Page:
In my article "The Currency of Time" I related what happened when I was asked the same 'what time is it' question at the end of a coaching session with some Under 10s. My answer was "Now" - and I proceeded to explain to them what Now really is.
The thing is - the lasting effect on certain youngsters present was never really noticed until last evening when I assembled my group of club Under 13s players at the start of our evening's practice. Someone asked the time, and before I could respond, one of the lads - who'd been at that 'landmark' session almost two year's previously - said "It's Now - it's always Now."
Amidst the laughter I found myself just nodding in agreement - and thanking the one who'd said it for being 'a disciple' of the ideas that surround the importance of "Now". With those tenets he should go far - and how far is only dependent upon his comfort with, and desire to, leave "Here".

Some of us are comfortable with not knowing and step into the mystery of every day with a sense of excitement and exploration. Some of us need to know everything before we can take any step away from Here, and the seeds of perfectionism germinate rapidly for those people. The idea of "Leaving Here Now" and arriving at "Here Now"' is another of Life's pivotal moments - which we undergo and are engaged in through every single conscious moment. And the ripples of consequence spread outwards on many levels as those pivotal stones strike the fluid surface of Life.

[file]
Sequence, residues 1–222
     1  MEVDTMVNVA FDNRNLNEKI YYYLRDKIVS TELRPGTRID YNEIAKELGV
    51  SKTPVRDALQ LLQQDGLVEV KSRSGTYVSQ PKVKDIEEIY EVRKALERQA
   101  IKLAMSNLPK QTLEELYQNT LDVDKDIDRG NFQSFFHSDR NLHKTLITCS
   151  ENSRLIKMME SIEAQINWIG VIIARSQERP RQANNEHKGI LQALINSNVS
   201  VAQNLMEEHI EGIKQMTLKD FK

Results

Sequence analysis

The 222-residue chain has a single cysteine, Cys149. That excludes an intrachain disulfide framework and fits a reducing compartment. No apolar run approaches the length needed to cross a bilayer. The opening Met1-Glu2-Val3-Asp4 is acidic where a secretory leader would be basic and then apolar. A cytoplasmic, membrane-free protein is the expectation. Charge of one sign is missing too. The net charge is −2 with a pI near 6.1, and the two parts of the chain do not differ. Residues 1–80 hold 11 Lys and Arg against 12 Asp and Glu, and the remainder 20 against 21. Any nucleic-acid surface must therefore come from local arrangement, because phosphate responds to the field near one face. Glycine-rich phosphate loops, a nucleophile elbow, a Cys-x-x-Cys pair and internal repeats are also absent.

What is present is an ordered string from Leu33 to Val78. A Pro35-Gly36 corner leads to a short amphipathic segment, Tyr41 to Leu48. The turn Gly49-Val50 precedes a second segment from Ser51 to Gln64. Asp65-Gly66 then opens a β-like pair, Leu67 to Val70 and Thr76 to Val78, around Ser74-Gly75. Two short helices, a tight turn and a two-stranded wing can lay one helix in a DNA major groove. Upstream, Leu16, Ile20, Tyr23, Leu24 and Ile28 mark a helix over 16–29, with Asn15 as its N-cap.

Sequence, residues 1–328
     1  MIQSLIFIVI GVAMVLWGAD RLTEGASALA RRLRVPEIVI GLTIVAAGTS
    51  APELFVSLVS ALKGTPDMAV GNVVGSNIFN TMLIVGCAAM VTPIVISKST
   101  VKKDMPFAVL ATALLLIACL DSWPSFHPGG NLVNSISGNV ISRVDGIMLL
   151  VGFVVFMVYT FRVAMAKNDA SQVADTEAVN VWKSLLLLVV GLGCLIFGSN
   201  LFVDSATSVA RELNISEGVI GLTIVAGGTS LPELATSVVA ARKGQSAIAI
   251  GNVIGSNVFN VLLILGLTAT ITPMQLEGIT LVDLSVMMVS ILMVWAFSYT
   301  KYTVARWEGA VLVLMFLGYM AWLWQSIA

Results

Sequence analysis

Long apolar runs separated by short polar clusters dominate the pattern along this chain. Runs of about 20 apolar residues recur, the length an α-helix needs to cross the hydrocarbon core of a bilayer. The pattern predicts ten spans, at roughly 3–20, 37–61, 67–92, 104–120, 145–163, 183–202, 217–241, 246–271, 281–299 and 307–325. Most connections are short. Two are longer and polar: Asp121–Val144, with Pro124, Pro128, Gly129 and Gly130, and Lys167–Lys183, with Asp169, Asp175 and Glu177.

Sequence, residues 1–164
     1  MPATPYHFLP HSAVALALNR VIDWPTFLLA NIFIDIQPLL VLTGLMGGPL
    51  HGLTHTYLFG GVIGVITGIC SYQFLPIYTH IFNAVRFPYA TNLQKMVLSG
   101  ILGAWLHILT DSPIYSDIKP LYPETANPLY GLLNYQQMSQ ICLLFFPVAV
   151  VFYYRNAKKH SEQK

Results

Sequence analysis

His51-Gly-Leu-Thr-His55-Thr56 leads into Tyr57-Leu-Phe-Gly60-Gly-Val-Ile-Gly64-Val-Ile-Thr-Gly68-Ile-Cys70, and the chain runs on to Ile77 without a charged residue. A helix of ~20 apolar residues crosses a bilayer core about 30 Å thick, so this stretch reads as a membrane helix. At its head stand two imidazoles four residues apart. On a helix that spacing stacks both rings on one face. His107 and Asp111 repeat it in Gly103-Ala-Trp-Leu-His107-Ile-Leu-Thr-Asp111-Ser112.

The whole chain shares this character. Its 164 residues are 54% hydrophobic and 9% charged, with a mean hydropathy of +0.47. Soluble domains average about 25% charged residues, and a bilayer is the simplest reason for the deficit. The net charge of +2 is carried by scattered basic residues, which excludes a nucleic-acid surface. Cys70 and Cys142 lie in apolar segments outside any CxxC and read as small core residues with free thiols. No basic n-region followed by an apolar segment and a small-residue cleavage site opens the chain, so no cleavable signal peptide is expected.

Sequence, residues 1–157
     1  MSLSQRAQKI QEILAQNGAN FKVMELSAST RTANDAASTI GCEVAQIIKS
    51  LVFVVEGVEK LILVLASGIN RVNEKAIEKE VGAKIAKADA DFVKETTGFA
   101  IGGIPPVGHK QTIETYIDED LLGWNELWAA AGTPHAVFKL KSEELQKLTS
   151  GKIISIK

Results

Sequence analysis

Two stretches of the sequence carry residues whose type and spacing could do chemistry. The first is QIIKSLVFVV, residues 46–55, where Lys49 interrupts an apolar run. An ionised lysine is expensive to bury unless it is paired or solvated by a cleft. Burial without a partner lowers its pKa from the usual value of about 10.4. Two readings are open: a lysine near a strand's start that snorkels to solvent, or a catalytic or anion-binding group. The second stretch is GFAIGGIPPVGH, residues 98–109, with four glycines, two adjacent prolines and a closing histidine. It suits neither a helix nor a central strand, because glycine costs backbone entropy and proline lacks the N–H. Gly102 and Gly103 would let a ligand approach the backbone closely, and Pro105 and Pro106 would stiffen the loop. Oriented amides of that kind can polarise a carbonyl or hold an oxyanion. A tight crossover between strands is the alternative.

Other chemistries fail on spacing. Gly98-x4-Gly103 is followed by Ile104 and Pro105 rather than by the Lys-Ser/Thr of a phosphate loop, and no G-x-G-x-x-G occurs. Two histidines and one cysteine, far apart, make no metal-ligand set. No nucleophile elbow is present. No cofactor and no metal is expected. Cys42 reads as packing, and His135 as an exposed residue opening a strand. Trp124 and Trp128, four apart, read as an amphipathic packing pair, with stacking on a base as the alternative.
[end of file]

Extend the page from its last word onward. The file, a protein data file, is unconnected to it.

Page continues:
There's many a true word spoken in jest, they say. I can think of no funnier example of the true pivotal meaning of Now than in this scene from the film Spaceballs, Mel Brooks' spoof of Star Wars. In this scene, Dark Helmet wants to make some change in the fabric of the space-time continuum by tinkering with the video of the film - Enjoy!

Sunday, May 6, 2012

"I'm not averse ..."


Adversity Is
Adversity is Shaping
Adversity is shaping Me
Adversity is shaping me Into
Adversity is shaping me into Who
Adversity is shaping me into who I
Adversity is shaping me into who I Will
Adversity is shaping me into who I will Become
Adversity is shaping me into who I will become Tomorrow

Adversity can shape me
Adversity can shade me

Adversity can shake me
Adversity can shame me

Adversity can shape me into who I will be, come tomorrow

Tomorrow may scare me
Tomorrow may snare me

Tomorrow may spare me
Tomorrow may share me

Tomorrow may spare me adversity, come into who I will be

Tomorrow I may become who adversity is shaping me Into
Tomorrow I may become who adversity is shaping Me
Tomorrow I may become who adversity is Shaping
Tomorrow I may become who adversity Is
Tomorrow I may become who Adversity
Tomorrow I may become Who
Tomorrow I may Become
Tomorrow I May
Tomorrow I

(with inspirational thanks to Frederique Murphy)